PVC has some environmental advantages. Producing PVC uses only 70% of the energy needed to make other plastics, which "translates into less carbon dioxide emissions, making it more environmentally friendly."
So it comes down to what's more important to you and what you find more environmentally friendly in the end. Of course, using a fake tree year after year keeps it out of the landfill, but is also helps save many trees from being cut. But also going with a cut tree can help keep PVC and other plastics from even being produced. It seems this debate on what kind of tree is best will never end.
And don't forget to keep things green all the way around. Here are some quick tips to "Green your Holiday Routine" from Ford's Green Living Expert-Danny Seo.
1. Give Live Gifts that Will Actually Live: A live plant is something that people can enjoy year-round, but many people don’t naturally have a green thumb. If you want to give your holiday hostess a thank you gift for putting on a fabulous dinner party, choose ones that require little to no up keep. Think flowering succulents, colorful cacti, mini olive trees and even potted evergreens that can be left outside during the cold winter months and planted when spring comes around.
2. Don’t Only Wear Your Tie: Dress up your home for your next holiday party by creating a necktie wreath. To me the more tacky and crazy the ties are, the better your wreath’s overall look will be. To make it, use a metal wreath frame that you can find at any craft, furniture or vintage store and wrap the necktie completely around it and pin it into place. Repeat these steps until the entire frame is covered. For a Thanksgiving dinner feast opt for fall colors like yellow, red and orange.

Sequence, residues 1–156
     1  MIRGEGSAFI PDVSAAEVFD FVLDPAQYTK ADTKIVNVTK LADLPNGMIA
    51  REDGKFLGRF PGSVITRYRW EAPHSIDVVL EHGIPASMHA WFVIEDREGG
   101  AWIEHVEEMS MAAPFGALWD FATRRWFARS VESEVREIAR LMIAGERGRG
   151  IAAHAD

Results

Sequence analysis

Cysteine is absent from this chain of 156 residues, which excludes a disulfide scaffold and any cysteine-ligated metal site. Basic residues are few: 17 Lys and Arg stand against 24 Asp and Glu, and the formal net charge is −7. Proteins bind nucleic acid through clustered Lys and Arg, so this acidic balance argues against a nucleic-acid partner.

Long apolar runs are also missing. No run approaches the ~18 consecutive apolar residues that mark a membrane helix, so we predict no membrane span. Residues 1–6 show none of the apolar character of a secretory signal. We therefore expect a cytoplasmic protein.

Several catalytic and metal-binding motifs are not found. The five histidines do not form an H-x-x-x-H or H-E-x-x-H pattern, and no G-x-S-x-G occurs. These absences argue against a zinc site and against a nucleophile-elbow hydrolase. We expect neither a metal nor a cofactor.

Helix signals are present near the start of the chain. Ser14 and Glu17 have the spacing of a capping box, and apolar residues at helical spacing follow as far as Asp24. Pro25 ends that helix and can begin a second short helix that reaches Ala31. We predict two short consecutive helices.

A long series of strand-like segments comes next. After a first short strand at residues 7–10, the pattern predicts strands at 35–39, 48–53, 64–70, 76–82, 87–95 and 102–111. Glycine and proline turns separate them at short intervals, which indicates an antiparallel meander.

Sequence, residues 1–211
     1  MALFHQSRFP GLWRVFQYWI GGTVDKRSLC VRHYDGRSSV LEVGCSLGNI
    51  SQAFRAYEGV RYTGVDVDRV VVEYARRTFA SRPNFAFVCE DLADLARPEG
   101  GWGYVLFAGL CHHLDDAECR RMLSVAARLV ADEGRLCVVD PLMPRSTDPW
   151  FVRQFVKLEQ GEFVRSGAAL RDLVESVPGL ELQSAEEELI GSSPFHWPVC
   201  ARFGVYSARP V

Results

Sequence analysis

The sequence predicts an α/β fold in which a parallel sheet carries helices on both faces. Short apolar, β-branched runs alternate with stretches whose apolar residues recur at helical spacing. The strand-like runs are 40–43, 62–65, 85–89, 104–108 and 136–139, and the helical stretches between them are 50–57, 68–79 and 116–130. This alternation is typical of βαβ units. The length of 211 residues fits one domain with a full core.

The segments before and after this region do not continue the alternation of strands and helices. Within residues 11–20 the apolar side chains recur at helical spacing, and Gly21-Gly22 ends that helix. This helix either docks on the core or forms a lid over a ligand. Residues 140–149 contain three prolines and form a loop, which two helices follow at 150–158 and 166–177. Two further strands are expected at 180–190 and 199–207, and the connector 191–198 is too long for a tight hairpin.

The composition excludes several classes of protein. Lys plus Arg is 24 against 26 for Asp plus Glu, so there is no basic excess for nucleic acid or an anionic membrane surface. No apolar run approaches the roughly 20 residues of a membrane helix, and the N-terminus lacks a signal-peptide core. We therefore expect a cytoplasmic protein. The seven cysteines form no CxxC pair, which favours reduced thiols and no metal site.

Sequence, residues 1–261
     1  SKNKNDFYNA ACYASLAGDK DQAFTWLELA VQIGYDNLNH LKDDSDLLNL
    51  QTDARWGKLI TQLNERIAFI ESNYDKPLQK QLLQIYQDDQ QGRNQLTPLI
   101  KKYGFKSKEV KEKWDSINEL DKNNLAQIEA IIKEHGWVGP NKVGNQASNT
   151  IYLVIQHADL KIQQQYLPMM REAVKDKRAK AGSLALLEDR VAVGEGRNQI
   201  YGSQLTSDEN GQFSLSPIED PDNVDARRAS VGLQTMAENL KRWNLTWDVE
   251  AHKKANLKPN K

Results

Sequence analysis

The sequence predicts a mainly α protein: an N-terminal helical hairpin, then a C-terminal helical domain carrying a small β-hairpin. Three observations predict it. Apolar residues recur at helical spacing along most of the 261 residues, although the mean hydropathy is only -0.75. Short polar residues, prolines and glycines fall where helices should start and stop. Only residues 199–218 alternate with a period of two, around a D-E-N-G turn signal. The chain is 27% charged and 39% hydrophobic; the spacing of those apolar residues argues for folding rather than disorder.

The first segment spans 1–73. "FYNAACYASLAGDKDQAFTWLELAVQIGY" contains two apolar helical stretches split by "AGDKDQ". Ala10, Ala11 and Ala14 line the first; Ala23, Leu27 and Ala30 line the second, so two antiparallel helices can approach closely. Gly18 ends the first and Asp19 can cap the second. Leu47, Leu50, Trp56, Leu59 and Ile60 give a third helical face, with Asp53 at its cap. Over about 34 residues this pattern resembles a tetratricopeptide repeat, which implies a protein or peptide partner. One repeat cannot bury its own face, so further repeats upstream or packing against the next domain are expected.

3. Do it the Green Way: One great green way to save time and money during the holiday season is to drive a fuel-efficient vehicle while picking-up your dinner ingredients or heading to a holiday gathering. Choosing a fuel-efficient vehicle that fits your needs is the key, that’s why Ford offers the power of choice whether you are an urbanite who can charge up your Focus Electric between stops or drive a mix of highway and city in a one of Ford’s hybrids. For me, it is the Ford C-MAX Energi plug in hybrid – getting me over 100 MPGe. Can you believe I can make it through the entire holiday season without ever filling-up my tank? Talk about an eco and efficient holiday ride.
Check out all eight tips from the Ford site. Download a copy for yourself and keep on hand this season. They are a great way to remind yourself of little tips to keep the holidays green and merry!